Those Pesky Pharisees

Gospel Reflection for Tuesday, February 9th, 2021 — Mark 7:1-13

Catholics often get a bad wrap from their Protestant Christian counterparts. Why is that? Well, there are actually several reasons, but the one we’re looking at here, today, is our reliance on Holy Traditions. Quite often Christians will look at today’s Gospel selection and conclude that teaching “traditions” is a bad thing. But, is really what Jesus is saying in this encounter with the Pharisees?


By the time of Christ, the Jewish religious leaders had developed a strict codebook of rules and regulations regarding their spiritual life. Much of this revolved around requirements for “Ritual Purity.” They had taken the Old Testament laws and expanded on them, giving man-made rules concerning spiritual piety equal to or even greater than God’s requirements.


This is what the Pharisees were complaining about here. By strict, pharisaic standards, Jesus’ followers were ritually unclean, as their ministry wandering through the countryside didn’t allow them the luxury of proper cleanliness rituals prior to their meals. No, we’re not speaking of simply washing hands here. There was a complex and ritualistic process that the Pharisees were demanding.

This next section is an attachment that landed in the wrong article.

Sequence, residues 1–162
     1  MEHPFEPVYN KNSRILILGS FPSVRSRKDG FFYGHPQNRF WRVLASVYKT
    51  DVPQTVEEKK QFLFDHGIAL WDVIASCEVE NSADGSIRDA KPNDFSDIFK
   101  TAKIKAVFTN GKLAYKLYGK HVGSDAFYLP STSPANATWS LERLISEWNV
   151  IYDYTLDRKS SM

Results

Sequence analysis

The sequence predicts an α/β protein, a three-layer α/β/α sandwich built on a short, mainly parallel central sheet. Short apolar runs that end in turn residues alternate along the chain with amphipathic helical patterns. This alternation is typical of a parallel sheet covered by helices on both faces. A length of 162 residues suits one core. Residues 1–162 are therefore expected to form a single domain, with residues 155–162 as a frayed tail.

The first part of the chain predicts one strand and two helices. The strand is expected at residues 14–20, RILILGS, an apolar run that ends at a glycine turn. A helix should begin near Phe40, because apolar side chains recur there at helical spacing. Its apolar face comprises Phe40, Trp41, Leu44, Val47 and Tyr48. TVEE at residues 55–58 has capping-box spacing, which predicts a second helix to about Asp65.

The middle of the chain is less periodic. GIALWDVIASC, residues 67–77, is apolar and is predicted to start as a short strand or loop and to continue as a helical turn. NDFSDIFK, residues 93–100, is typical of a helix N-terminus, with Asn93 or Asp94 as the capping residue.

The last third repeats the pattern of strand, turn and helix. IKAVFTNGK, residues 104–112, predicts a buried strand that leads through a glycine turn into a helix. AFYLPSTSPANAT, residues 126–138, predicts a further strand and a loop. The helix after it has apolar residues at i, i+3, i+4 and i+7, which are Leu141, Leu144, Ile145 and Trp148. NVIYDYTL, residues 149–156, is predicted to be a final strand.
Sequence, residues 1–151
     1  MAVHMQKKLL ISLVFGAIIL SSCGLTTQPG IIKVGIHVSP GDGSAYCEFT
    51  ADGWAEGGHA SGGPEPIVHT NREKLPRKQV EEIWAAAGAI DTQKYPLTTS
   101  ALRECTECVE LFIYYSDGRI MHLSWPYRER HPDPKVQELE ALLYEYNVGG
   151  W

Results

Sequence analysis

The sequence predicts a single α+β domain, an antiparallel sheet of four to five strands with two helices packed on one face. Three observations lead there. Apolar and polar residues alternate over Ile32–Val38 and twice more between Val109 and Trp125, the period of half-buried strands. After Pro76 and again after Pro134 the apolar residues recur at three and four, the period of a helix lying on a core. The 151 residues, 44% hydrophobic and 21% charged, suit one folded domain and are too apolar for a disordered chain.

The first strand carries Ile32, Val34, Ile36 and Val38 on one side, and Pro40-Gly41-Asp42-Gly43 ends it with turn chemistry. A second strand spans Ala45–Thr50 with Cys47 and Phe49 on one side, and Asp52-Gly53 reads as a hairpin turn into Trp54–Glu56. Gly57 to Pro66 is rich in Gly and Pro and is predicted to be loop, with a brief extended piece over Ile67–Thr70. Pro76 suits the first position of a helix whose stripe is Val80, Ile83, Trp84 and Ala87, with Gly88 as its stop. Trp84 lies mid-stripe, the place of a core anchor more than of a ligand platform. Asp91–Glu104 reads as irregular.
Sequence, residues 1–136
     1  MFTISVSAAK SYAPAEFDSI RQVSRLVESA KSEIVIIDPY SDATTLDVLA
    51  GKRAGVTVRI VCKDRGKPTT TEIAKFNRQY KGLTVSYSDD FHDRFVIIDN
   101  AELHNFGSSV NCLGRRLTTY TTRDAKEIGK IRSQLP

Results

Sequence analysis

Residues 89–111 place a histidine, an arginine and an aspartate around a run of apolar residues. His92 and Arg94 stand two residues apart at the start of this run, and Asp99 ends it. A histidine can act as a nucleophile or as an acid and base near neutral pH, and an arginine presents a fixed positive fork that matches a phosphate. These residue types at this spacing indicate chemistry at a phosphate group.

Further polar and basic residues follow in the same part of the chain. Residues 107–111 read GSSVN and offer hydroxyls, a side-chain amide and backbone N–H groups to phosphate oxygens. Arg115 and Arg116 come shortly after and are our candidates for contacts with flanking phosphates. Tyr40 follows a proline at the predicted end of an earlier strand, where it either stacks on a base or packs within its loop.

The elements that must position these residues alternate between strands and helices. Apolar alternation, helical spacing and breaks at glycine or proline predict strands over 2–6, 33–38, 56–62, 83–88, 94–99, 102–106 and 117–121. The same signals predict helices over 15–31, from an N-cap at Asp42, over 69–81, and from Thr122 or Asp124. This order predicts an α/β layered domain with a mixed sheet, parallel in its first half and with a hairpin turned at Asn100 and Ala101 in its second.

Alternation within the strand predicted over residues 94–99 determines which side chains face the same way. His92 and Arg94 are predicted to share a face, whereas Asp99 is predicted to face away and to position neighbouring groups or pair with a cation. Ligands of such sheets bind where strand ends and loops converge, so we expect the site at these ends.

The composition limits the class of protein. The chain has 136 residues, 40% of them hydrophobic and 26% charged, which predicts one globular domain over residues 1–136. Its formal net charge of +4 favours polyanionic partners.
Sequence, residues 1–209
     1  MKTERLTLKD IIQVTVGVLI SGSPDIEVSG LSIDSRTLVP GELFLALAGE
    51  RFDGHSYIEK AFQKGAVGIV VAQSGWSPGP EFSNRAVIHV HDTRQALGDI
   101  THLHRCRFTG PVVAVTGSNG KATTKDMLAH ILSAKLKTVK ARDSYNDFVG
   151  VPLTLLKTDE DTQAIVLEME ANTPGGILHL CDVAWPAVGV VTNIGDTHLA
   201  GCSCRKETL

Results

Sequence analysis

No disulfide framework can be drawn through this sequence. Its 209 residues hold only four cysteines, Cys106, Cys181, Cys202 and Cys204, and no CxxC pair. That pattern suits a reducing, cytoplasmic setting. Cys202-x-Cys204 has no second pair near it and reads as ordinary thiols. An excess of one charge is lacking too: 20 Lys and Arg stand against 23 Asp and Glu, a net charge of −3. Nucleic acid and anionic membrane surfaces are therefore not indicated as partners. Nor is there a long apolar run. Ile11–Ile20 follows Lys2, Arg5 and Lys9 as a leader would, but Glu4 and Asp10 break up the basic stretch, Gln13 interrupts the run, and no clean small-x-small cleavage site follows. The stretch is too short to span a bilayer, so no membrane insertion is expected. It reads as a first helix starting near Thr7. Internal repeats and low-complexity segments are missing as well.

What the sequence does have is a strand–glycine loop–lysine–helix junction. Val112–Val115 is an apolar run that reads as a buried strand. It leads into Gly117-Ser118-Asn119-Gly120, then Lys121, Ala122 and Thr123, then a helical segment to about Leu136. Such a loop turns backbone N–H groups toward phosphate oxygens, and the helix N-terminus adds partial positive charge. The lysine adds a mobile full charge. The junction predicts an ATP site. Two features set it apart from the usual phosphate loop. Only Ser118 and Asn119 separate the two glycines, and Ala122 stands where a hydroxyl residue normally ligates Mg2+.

Yes, Catholics can and do slip into similarly problematic areas. Consider, priestly celibacy for instance in the Roman Catholic Church. There is no denying that there are New Testament passages suggesting that it would be easier for those of us in Holy Orders to focus on things of God without the worries of familial responsibilities. However, they’ve taken a man-made tradition and church disciplinary practice and elevated it nearly to the point of Church law.


In the 19th century, yes, nineteen-hundred years after the formation of the Church, the RCC elevated two of their traditions to the point that they MUST be believed in order to be saved. According to the Church of Rome, a person cannot be in a state of saving grace if you do not believe their dogmas of “Papal Infallibility,” and the “Immaculate Conception” of the Virgin Mary — meaning that Mary was preserved from “Original Sin” at birth. Neither of these beliefs had been